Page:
equidistant from the New Jersey and New York coastlines.

The wind mounted steadily throughout the night as Chris Rouse, cocooned in his sleeping bag, braced himself against the side of his bunk. He felt a bit uneasy, his stomach tossed by the dark waves that slammed against the 60-foot length of the dive charter boat Seeker. He was not that far from the New Jersey coast, but he might as well have been in the middle of the Atlantic Ocean. Chris peered out from between his sleeping bag and the bunk. In the dawn's soot-gray light, all he could see through the boat's windows was a blanket of sky and dark-blue waves with white spray blowing off their crests. Somewhere in the distance lay the horizon, but he couldn't tell where; the sea and sky were seamless. He judged the waves to be five feet high, with occasional rollers over eight feet. Not a good day to continue the exploration of the most technically challenging dive site he had faced in more than seven hundred logged dives.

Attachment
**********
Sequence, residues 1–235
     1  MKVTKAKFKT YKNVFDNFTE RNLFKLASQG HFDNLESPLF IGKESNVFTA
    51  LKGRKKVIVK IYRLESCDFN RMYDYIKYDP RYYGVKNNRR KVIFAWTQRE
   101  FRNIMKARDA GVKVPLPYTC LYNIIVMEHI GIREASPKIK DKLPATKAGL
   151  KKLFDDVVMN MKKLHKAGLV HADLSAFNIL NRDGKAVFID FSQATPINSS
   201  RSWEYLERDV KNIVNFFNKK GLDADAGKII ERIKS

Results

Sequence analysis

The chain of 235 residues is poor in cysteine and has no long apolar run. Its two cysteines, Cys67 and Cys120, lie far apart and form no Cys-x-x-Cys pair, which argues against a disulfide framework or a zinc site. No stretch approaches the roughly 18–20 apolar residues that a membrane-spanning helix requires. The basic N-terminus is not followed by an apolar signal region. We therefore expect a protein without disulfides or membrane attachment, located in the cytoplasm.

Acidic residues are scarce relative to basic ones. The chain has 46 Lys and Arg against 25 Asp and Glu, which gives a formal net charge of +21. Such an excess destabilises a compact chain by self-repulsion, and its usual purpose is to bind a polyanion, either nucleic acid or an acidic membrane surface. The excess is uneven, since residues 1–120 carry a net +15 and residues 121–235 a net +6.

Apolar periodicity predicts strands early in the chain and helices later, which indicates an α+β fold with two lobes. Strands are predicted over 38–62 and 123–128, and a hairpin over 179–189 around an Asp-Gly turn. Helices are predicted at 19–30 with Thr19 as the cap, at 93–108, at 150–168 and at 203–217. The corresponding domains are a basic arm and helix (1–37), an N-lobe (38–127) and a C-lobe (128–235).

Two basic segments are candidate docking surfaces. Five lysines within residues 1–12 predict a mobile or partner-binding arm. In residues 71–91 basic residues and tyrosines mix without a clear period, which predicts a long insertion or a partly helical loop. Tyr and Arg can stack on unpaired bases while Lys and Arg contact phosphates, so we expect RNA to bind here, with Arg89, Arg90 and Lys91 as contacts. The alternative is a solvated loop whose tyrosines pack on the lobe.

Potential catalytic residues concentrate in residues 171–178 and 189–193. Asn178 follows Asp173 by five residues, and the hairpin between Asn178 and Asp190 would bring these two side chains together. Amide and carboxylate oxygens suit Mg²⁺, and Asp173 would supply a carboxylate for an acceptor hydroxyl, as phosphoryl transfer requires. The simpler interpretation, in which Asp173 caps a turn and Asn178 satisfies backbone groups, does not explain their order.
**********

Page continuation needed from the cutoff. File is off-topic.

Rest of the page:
Only yesterday, the thirty-nine-year-old Rouse and his twenty-two-year-old son, Chrissy, had conducted two dives to the unidentified submarine 230 feet below them. The wreck lay in three pieces, like a cigar with its middle torn out and angled between the ends. The middle section included the conning tower, the large tubular structure perpendicular to the vessel's body. The tower, though still intact, had been torn from its mount and thrown aside by whatever unknown force had sunk this submarine, probably back in the Second World War. Underneaththe conning tower was the control room, the submarine's brain. Nothing was left of this nerve center but a jumble of jagged, sharp-edged steel plates and debris, the result of some violent explosion. Yesterday, Chrissy Rouse had crawled under and between the steel plates, wriggling his way inside while his father hovered outside the wreck. Somewhere in those razor-edged ruins lay something that would identify this sub, and father and son were determined to find it. Maybe the captain's logbook-it had to be nestled amid the wreckage just inside the opening. Chrissy hadn't found it yesterday, but the Rouses knew they were close. All that stood in their way was time, effort, and eight-foot waves.